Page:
Local Malaysian partners in Kuala Lumpur offered their support in the tasks involved in organizing five separate cohorts of 20 students each to take part in DtC workshops and final performances. A list of partners is appended to this report. An emphasis was placed on reaching out to under-served communities including refugees, students at government schools, street children, orphans and so forth. Venues were located for each workshop – with the requisites of wooden floors, good ventilation, sound equipment and spacious dimensions. As the planning phase unfolded (between February and September), more and more people and groups gravitated to the program, expanding its outreach and scope many fold.
Upon arriving in KL, the 7-member BDC team held meetings with the ASWARA trainees in preparation for the teamwork that would take place a week later. Subsequent attention was turned to the realization of the other pivotal 4 performances in collaboration with Malaysia’s leading dance company, Sutra Dance Theatre.
This series of performances, which attracted audiences of approximately 2,000 as well as major television, radio and print media coverage, involved performances of repertory pieces by each company. Taking full advantage of the opportunity to collaborate artistically, two works were created and presented in which dancers from each company worked with the choreographer of the other.
Into the Centre was a new work that Jonathan Hollander choreographed for the Sutra dancers which was set in January, rehearsed again in August when the dancers were in New York for Battery Dance Company’s Downtown Dance Festival, and then given a final polish in September when Hollander arrived in KL. Sutra Dance Theatre’s artistic director Ramli Ibrahim set his version of the classic L’Apres Midi d’un Faune (r.) on BDC’s Sean Scantlebury and 5 dancers from his own company. Both works earned sustained applause from the Malaysian audiences though response from the press was mixed.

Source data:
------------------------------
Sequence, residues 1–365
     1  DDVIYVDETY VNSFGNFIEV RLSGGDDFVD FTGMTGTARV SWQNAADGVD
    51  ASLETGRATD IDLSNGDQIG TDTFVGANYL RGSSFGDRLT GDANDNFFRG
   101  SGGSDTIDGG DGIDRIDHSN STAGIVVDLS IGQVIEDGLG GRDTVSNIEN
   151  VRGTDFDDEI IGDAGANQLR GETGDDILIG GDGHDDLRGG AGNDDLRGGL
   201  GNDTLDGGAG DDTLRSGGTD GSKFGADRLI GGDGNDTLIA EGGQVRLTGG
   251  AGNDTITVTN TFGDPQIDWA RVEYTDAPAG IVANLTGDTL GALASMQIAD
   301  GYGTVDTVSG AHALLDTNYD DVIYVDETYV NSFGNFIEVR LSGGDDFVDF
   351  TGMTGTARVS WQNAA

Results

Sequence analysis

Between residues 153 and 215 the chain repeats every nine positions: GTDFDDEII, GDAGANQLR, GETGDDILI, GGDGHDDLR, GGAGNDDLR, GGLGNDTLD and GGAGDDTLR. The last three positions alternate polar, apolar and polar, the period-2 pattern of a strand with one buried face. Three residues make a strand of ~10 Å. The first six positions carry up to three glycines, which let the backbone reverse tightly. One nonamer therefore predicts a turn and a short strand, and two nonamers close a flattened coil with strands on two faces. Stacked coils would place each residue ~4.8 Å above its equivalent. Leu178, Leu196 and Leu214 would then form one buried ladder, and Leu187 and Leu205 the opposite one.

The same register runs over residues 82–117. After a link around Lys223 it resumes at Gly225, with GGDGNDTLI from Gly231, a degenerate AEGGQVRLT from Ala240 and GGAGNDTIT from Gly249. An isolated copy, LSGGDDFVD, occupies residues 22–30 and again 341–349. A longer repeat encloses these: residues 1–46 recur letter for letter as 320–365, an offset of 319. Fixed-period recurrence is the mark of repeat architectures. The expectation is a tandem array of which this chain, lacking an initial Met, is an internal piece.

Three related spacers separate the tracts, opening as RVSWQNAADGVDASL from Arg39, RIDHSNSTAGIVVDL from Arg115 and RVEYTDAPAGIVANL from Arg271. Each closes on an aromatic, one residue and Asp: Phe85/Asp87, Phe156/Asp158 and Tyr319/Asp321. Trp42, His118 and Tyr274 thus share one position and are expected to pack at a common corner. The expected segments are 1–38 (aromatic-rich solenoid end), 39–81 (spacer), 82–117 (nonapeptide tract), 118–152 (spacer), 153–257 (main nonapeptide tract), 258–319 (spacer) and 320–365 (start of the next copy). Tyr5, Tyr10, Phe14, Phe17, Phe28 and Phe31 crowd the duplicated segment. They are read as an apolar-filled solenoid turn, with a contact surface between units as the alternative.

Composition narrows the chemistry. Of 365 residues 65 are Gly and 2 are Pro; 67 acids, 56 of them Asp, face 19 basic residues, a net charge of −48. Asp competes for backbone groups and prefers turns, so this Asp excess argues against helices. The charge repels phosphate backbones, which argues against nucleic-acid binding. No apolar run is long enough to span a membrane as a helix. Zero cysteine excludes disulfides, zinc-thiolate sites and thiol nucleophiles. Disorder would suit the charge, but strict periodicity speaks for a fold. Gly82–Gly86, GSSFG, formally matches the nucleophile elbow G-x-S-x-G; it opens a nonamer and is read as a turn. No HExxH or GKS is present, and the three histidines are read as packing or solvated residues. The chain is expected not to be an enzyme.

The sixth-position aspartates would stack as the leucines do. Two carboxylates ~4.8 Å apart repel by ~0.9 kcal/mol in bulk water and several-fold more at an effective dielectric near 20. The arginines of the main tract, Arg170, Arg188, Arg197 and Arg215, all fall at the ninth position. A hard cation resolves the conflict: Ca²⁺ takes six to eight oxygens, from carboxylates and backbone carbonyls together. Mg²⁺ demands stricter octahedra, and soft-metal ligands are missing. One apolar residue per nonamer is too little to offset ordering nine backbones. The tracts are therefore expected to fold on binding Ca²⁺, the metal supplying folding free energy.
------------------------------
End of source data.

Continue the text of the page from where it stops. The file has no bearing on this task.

The series of performances was interspersed with other activities – such as Hollander’s keynote address on the topic of ‘Hybridity in Dance’ which was delivered before the Asia Pacific International Dance Conference that took place in KL simultaneously with BDC’s visit. Barry Steele gave two lighting workshops that were extremely well-received by the local community of designers and technicians. The three-week MyDance Festival was also taking place during BDC’s visit, providing Robin Cantrell a platform for presenting her video-dance work, and additional press coverage. India’s leading dance critic, Dr. Sunil Kothari, called Into the Centre “the highlight of the MyDance Festival”. Once these events were completed, the Company’s concentration turned to its Dancing to Connect youth outreach activities. With supervision and design by Hollander, the 5 dancer/teaching artists of Battery Dance Company paired up with their ASWARA trainees and led 5-day intensive workshops for 100 Malaysian students from extremely diverse backgrounds. In KL, groups comprising 8 students from the Mont’ Kiara International School (which donated its theater and gymnasium for the training sessions, and its stage for the final performance) were combined with 52 students from Harvest Centre, KrashPad and Ti Ratana Welfare Society – teens whose refugee, orphan or otherwise disadvantaged status contrasted strongly with their peers from the international school.
Another group set up camp at Rimbun Dahan, a remote artists’ retreat donated by the family of Bilqis Hijjas, Director of the MyDance Festival. These students came from a nearby Malay Government school with extremely Spartan facilities and program offerings. Working in the tranquil and beautifully appointed dance studio at Rimbun Dahan with the nurturing support of BDC dancer Bafana Matea and ASWARA’s Murni Omar was an experience that I doubt any of the students will ever forget. This group traveled into KL on the day of the performance to share the stage with the other two groups at MKIS. The results were magical.
This documents Phase 1 of Jonathan Hollander's Fulbright Specialist Program in Kuala Lumpur, Malaysia in 2011.
Listen to Jonathan tell the story of the history of Battery Dance Company during a radio interview in Malaysia.
Phase 2, "Jonathan Hollander's Fulbright Specialist Program trip to Kuala Lumpur" can be read here.